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Lancet. 2016 Mar 26;387(10025):1277-89. doi: 10.1016/S0140-6736(15)01039-9. Epub 2016 Jan 27.

1-year outcomes with the Absorb bioresorbable scaffold in patients with coronary artery disease: a patient-level, pooled meta-analysis.

Author information

New York Presbyterian Hospital, Columbia University Medical Center, New York, NY, USA; Cardiovascular Research Foundation, New York, NY, USA. Electronic address:
Fu Wai Hospital, National Center for Cardiovascular Diseases, Chinese Academy of Medical Sciences, Beijing, China.
Kyoto University Hospital, Kyoto, Japan.
The Christ Hospital, Heart and Vascular Center, Lindner Research Center, Cincinnati, OH, USA.
Cleveland Clinic, Cleveland, OH, USA.
Thoraxcenter, Erasmus Medical Center, Rotterdam, Netherlands.
Abbott Vascular, Santa Clara, CA, USA.
International Centre for Cardiovascular Health, Imperial College, London, UK.



Compared with metallic drug-eluting stents, bioresorbable vascular scaffolds (BVS) offer the potential to improve long-term outcomes of percutaneous coronary intervention. Whether or not these devices are as safe and effective as drug-eluting stents within the first year after implantation is unknown.


We did a patient-level, pooled meta-analysis of four randomised trials in which 3389 patients with stable coronary artery disease or a stabilised acute coronary syndrome were enrolled at 301 academic and medical centres in North America, Europe, and the Asia-Pacific region. These patients were randomly assigned to the everolimus-eluting Absorb BVS (n=2164) or the Xience cobalt-chromium everolimus-eluting stent (CoCr-EES; n=1225). The primary endpoints were the 1-year relative rates of the patient-oriented composite endpoint (all-cause mortality, all myocardial infarction, or all revascularisation) and the device-oriented composite endpoint of target lesion failure (cardiac mortality, target vessel-related myocardial infarction, or ischaemia-driven target lesion revascularisation). All analyses were by intention to treat. The four randomised trials included in our meta-analysis are all registered with, numbers NCT01751906, NCT01844284, NCT01923740, and NCT01425281.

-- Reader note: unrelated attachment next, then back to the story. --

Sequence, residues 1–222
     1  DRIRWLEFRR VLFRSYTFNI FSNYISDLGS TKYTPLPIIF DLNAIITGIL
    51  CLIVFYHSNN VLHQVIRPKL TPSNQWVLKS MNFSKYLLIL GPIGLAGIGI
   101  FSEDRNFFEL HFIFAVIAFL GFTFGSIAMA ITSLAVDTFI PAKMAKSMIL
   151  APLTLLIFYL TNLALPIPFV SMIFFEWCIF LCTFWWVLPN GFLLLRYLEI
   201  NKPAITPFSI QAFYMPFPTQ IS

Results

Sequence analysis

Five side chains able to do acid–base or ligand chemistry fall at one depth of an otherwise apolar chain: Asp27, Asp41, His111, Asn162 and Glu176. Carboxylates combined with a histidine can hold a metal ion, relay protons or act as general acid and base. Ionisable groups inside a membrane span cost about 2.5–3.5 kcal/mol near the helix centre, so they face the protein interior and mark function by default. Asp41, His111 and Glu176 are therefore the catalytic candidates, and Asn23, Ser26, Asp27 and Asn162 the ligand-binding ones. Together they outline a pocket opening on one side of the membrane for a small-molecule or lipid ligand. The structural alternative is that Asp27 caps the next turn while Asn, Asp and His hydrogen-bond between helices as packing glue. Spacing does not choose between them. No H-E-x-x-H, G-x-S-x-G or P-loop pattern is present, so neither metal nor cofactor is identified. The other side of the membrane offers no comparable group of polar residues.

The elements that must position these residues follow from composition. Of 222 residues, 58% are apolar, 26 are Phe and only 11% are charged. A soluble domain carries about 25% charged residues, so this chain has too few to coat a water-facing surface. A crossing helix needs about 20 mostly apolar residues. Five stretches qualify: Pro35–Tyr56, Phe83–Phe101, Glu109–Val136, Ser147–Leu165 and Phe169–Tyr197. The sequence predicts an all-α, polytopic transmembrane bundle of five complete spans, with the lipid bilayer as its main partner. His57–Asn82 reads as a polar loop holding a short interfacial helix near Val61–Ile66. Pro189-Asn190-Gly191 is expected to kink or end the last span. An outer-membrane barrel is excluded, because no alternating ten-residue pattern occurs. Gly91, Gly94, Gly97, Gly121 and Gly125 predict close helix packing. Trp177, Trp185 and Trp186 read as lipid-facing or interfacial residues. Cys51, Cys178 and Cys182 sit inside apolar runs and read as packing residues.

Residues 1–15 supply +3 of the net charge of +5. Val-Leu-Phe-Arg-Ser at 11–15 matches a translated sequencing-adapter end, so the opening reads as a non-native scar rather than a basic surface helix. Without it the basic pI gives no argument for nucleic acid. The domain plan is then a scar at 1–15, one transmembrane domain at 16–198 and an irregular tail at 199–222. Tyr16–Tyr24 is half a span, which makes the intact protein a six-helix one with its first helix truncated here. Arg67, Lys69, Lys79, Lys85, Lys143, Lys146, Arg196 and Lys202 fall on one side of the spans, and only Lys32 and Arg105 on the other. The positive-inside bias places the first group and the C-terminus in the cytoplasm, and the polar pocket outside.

The summary treatment effect for the 1-year relative rates of the patient-oriented composite endpoint did not differ significantly different between BVS and CoCr-EES (relative risk [RR] 1·09 [0·89-1·34], p=0·38). Similarly, the 1-year relative rates of the device-oriented composite endpoint did not differ between the groups (RR 1·22 [95% CI 0·91-1·64], p=0·17). Target vessel-related myocardial infarction was increased with BVS compared with CoCr-EES (RR 1·45 [95% CI 1·02-2·07], p=0·04), due in part to non-significant increases in peri-procedural myocardial infarction and device thrombosis with BVS (RR 2·09 [0·92-4·75], p=0·08). The relative rates of all-cause and cardiac mortality, all myocardial infarction, ischaemia-driven target lesion revascularisation, and all revascularisation did not differ between BVS and CoCr-EES. Results were similar after multivariable adjustment for baseline imbalances, and were consistent across most subgroups and in sensitivity analysis when two additional randomised trials with less than 1 year of follow-up were included.


In this meta-analysis, BVS did not lead to different rates of composite patient-oriented and device-oriented adverse events at 1-year follow-up compared with CoCr-EES.


Abbott Vascular.

[Indexed for MEDLINE]

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